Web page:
Clever album title. A bridge is part of a guitar, Halvorson is a guitarist, and "bending" is certainly one way to describe her quintet's approach on these nine original compositions. Or maybe the "bridges" are those linking Halvorson and Co. to other jazz traditions, and what's "bent" are the routes by which listeners can trace a song such as "Hemorrhaging Smiles," say, to Ornette Coleman. Free jazz has sounded freer. But not since musicians started confusing bending bridges with burning them has freedom often sounded this jazzy.
Koorax is Brazilian, so her enunciation of English lyrics is sometimes just "close enough for jazz." There's no faulting her taste, however, and she slows down artists from the soundtrack of her youth and uses them as vehicles for holding high notes. The 5th Dimension, Jackson Five, Cheryl Lynn-she has obviously been savoring the sultry, "tropical" potential latent in their songs for some time. Then come eight more, which, except for maybe "Vesti Azul," belong, if anywhere, on another album.
The brainchild of the Swedish musician Peter Danemo, LED takes Led Zeppelin songs, strips them of vocals, and re-imagines them for trumpet, sax, clarinet, trombone, flute, tuba, and (Danemo's main instrument) drums-turns Led Zeppelin into a mini-marching band, in other words. "Misty Mountain Hop" and "Kashmir" sound the best, almost as if they were meant for such treatment. And because there's no "Stairway to Heaven" and/or words, no one will be tempted to waste time playing these songs backward in search of Satanic intent.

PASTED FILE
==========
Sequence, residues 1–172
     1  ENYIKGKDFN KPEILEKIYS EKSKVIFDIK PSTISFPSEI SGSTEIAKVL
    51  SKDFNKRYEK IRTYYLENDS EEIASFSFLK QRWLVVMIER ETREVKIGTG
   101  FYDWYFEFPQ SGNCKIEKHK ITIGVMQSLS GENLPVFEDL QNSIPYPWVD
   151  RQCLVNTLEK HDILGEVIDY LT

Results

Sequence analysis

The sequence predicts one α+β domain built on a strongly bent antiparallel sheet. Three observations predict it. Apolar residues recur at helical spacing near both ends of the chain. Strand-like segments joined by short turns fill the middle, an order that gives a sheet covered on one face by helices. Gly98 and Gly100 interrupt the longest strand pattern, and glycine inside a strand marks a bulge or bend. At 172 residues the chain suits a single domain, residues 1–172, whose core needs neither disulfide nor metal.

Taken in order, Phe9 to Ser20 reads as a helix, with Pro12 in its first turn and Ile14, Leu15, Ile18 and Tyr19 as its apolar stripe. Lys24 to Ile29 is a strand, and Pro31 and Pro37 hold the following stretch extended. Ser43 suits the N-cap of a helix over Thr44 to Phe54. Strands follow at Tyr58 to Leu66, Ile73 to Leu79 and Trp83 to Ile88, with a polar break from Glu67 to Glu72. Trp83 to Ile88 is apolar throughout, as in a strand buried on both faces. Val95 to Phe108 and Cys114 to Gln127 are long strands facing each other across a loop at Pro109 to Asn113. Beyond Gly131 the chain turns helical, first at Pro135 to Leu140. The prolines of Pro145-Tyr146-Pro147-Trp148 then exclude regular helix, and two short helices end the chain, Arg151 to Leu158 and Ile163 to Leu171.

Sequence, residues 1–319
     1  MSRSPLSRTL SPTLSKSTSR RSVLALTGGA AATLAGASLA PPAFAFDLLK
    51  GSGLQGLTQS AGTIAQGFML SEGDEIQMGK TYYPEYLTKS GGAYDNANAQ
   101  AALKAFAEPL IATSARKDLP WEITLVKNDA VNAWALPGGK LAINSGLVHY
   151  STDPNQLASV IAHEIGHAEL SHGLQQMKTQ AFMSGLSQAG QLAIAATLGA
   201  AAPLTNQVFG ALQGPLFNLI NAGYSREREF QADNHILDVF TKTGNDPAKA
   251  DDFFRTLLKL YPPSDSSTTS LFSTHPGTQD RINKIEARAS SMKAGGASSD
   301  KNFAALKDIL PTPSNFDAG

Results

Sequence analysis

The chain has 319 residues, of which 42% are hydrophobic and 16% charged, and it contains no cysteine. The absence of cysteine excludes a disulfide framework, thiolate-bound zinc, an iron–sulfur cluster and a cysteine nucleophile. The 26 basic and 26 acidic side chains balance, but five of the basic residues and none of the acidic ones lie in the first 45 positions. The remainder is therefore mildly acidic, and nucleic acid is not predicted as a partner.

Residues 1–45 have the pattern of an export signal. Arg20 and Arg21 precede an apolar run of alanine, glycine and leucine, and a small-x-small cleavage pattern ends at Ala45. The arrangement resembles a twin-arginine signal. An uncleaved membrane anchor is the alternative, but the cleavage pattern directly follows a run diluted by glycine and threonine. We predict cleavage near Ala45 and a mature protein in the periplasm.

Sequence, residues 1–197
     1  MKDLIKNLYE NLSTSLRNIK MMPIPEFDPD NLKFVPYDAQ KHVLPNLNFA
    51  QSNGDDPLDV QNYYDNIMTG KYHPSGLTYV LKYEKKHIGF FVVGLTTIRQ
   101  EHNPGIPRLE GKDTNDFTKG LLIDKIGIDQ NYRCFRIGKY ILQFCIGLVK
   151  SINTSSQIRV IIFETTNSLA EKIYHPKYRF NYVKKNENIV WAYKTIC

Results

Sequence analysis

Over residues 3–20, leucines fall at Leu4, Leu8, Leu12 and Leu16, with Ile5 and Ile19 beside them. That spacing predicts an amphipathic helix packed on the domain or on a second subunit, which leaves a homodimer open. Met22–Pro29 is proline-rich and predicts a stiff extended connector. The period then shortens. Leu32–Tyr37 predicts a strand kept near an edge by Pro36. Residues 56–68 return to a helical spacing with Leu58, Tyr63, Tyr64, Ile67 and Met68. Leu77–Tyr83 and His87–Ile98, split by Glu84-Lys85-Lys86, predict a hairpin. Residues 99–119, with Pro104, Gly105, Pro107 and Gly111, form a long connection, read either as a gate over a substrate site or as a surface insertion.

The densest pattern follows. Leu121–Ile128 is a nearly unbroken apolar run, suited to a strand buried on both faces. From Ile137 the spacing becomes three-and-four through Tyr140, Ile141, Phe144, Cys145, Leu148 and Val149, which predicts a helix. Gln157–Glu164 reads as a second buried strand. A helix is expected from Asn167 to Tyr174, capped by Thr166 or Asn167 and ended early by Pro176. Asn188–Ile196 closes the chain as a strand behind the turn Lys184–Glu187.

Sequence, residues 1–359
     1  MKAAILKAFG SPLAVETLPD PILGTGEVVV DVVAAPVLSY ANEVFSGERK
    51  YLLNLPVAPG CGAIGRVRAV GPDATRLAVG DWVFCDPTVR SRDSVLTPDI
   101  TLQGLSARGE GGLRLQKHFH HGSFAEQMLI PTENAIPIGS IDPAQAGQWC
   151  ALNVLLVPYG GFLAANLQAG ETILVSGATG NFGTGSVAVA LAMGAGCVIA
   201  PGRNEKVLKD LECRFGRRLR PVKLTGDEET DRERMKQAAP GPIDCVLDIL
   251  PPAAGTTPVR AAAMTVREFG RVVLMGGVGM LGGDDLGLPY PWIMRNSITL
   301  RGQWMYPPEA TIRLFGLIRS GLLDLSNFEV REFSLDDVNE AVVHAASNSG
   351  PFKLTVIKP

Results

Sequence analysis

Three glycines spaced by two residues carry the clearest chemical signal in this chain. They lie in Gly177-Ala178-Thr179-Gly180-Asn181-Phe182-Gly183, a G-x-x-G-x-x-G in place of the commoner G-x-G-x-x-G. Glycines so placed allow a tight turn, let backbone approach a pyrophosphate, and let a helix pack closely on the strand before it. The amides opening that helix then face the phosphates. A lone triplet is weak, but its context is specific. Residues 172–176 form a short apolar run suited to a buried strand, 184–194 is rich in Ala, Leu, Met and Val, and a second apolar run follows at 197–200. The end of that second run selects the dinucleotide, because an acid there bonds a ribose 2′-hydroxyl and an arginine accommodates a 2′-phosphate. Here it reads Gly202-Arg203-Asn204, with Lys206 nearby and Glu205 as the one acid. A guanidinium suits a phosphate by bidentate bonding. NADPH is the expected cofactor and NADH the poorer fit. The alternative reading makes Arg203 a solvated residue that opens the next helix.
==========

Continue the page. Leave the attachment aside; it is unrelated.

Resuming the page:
It's hard to tell what's more enjoyable, that, even at 52, Pizzarelli sings with the insouciance of a young Chet Baker or that his rhythm section makes swinging intuitively sound like the world's second-easiest task. The first-easiest is relishing the inventiveness of Pizzarelli's arrangements of hits and "deep" album cuts by guitar-strumming singer-songwriters and concluding therefrom that he still has a bright future-that is, if he has more tricks like making a silk ascot out of a Seals & Crofts hit up his sleeve.
The new album by the nylon-string guitarist Ken Navarro is called The Test of Time (Positive Music) and for good reason: Its melodies have stood that test. Admittedly, only Bach's approximately 270-year-old "BWV 998" (aka "Prelude, Fugue, and Allegro in E-flat Major") has really stood it. But "When You Wish upon a Star" and "The Days of Wine and Roses," which turn 72 and 50 this year, aren't exactly spring chickens.
And, let's face it, to today's youth, the John Lennon, Bob Dylan (an imaginative medley of "Just like a Woman" and "Sad-Eyed Lady of the Lowlands"), the Police, Beatles, Beach Boys, Pat Metheny, Santana, and Jimmy Webb are hoary artifacts too. But you'd never know it from the way Navarro plays them. Virtuosically plucking their every nuance for all its worth without making their wholes seem less than their parts, he simultaneously fortifies their durability and lets us hear them afresh.